The ripple effect: A look back at Mayfield v. ASC Inc.

April 10 ,2024

Years ago, I attended an American Bar Association Conference held in Beverly Hills, California.
JJ Conway

Years ago, I attended an American Bar Association Conference held in Beverly Hills, California. One of the speakers was Jay Foonberg, Esq., a marketing guru in the legal profession. Foonberg was a real character. He said a lot that day. One of the things I remember is that he referred to his law degree as a “magic carpet.” He carried the example even further saying that when he kneeled on it, it took him to places he could never imagine. I thought it was a funny line, maybe a bit wacky. As time has marched on, I am beginning to realize just how right Foonberg was. His magic carpet analogy just keeps coming back to me as I look back at some of our clients’ cases that shaped the law and served to help others in a tangible way.

Mayfield v. ASC Incorporated Health & Welfare Benefits Plan (E.D. Mich. 2007) was one such case. The case would have otherwise been a routine healthcare denial but for the person who brought it. Christopher J. Mayfield was a dynamic salesperson with an infectious enthusiasm for life. He brimmed with optimism and punctuated every observation with a huge smile and hearty laugh. As lawyers, we know there are some clients whose call we would take anywhere, anytime. Chris was one of those clients.

He and his wife, Liz, an impressive person in her own work life, had a son who was struggling during the early stages of his development. The child’s actions suggested that he was having difficulty communicating and making sustained eye contact.

The couple sought out help from the child’s medical providers. They were informed along the away that their son, in all likelihood, had autism spectrum disorder. The condition was on the rise, and statistically the number of cases among toddlers was growing rapidly– 1 out of 150, 1 out of 100, 1 out of 60.

Still, there was no known cause and no known cure.

The couple began researching treatment options and seeking out the advice of medical providers. What they found was that young children receiving a decades-old therapy known as Applied Behavioral Analysis — or ABA — showed progress in establishing improved communication abilities and independent living skills. For those children on the spectrum who were higher functioning, ABA held the promise to help those children’s functional abilities become almost indistinguishable from children without autism.

As promising as ABA therapy was, there was a dearth of treatment centers. And because the signs of autism tended to surface around 18 months, which coincided with the age for administering the Measles, Mumps, and Rubella (MMR) vaccine, the internet was awash in misinformation. This was a perfect setting for health insurers to exploit. Medical plans reflexively denied all claims for ABA therapy by labeling it “experimental” or “investigative.” That meant that ABA treatment, which was costly, could be denied under the general exclusions section that appear in all health insurance contracts.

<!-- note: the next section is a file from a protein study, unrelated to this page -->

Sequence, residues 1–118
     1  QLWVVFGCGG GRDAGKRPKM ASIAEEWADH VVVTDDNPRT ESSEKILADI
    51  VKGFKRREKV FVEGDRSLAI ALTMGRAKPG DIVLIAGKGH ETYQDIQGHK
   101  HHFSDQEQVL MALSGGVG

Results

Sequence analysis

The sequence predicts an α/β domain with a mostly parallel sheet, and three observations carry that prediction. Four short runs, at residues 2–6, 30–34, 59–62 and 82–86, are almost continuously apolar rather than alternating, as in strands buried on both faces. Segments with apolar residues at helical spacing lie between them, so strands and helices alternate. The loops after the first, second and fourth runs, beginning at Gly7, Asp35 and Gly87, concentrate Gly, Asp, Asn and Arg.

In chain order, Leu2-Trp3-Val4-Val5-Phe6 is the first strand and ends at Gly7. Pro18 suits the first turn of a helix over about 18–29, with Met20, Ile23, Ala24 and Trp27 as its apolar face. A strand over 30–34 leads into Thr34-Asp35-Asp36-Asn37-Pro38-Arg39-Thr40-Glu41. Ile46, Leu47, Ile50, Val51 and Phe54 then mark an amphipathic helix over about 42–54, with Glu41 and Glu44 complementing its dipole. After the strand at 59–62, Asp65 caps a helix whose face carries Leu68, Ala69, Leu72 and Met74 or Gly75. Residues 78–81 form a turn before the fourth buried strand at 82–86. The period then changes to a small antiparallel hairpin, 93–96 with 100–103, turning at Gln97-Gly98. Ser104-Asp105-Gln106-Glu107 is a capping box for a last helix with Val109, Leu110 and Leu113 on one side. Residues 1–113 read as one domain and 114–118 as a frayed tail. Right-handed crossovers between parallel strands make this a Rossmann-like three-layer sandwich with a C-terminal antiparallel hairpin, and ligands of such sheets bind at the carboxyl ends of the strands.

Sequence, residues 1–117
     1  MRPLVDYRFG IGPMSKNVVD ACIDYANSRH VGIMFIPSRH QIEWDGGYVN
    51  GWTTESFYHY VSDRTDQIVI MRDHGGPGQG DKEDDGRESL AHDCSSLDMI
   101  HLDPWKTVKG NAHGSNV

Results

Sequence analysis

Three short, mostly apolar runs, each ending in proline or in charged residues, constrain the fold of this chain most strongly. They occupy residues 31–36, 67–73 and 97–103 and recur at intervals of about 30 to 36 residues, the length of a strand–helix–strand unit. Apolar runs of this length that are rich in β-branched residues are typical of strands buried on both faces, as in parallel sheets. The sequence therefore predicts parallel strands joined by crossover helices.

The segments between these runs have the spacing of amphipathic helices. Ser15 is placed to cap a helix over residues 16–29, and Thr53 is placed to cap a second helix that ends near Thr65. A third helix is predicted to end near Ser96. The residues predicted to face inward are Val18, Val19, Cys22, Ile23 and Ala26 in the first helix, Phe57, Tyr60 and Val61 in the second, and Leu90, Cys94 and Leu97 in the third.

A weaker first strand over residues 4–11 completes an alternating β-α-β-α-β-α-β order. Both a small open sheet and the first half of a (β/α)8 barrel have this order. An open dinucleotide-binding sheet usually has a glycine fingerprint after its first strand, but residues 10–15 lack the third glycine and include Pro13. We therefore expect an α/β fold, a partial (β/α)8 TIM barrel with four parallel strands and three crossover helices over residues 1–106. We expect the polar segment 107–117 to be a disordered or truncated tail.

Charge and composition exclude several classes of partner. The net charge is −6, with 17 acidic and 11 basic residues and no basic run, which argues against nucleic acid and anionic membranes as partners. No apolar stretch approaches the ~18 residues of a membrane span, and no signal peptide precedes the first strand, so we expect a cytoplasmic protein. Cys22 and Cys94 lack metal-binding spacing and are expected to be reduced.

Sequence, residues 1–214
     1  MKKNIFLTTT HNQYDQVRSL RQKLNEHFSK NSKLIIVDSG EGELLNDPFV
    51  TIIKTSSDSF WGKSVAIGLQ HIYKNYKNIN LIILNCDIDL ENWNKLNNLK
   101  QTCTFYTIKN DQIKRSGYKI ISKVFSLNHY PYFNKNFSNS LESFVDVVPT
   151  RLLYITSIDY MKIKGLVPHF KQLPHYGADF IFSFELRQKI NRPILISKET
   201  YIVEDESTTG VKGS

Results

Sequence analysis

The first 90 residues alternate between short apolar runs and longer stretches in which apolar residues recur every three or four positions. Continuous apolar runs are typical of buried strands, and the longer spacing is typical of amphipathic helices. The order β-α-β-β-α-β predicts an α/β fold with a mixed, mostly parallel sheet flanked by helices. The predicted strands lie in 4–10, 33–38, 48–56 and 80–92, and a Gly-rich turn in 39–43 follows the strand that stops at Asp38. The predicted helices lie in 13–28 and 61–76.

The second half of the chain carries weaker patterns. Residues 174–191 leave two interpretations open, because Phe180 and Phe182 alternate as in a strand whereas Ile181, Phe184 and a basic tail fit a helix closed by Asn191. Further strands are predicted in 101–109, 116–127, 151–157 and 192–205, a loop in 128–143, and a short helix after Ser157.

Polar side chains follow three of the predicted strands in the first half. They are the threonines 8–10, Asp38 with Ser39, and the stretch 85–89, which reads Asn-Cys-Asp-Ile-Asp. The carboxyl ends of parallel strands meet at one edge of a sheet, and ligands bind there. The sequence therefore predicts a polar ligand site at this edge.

The problem with this reason for the denial for the Mayfields was that they saw real gains in their son’s abilities. Their son’s ABA therapy, which sometimes involved 40 hours per week of intensive work, was showing real functional improvements. And the setting where the therapy took place was safe – it was kid-friendly but also had sufficient clinical controls and was overseen by top-notch physicians on staff with a major medical center.

The Mayfields also noticed what later became known as the “parking lot problem.”  The cars in the ABA treatment center parking lots tended to be expensive cars suggesting that care was available for those with means, not those without. At the time, the cost for ABA therapy was as much as a year of college tuition with room and board — and there was no 529 plan to tap. In other words, without insurance coverage, parents were paying college-tuition size bills for therapy being provided to two-year-olds.

The Mayfields resolved to fight the denials and fight them hard. They asked me to go and observe the ABA treatment of their son. They set up interviews with ABA experts. They made arrangements for me to receive a crash course on the therapy’s efficacy by doctors who provided me with studies and literature that would allow us to challenge the underlying basis for the denial. So, we went to heart of the denial — was ABA therapy really still in its experimental stages as the insurers alleged? There was so much research showing it was an established mainstream treatment that the old studies were embarrassingly shallow.

The Mayfield’s case was 100 percent evidence based. They kept it data-driven by design.

After all the internal administrative appeals, litigation, and ultimately a federal court hearing, Judge Anna Diggs Taylor’s order in their case was elegantly simple. She overruled the insurance company, threw out the exclusion as applied to ABA therapy, and ordered the treatment covered. She ruled the therapy was proven, mainstream, and effective. It was a brief, terse ruling. But this brief order was like throwing a stone in water, as it would have real implications for the rights of children with autism and their parents in the coming years.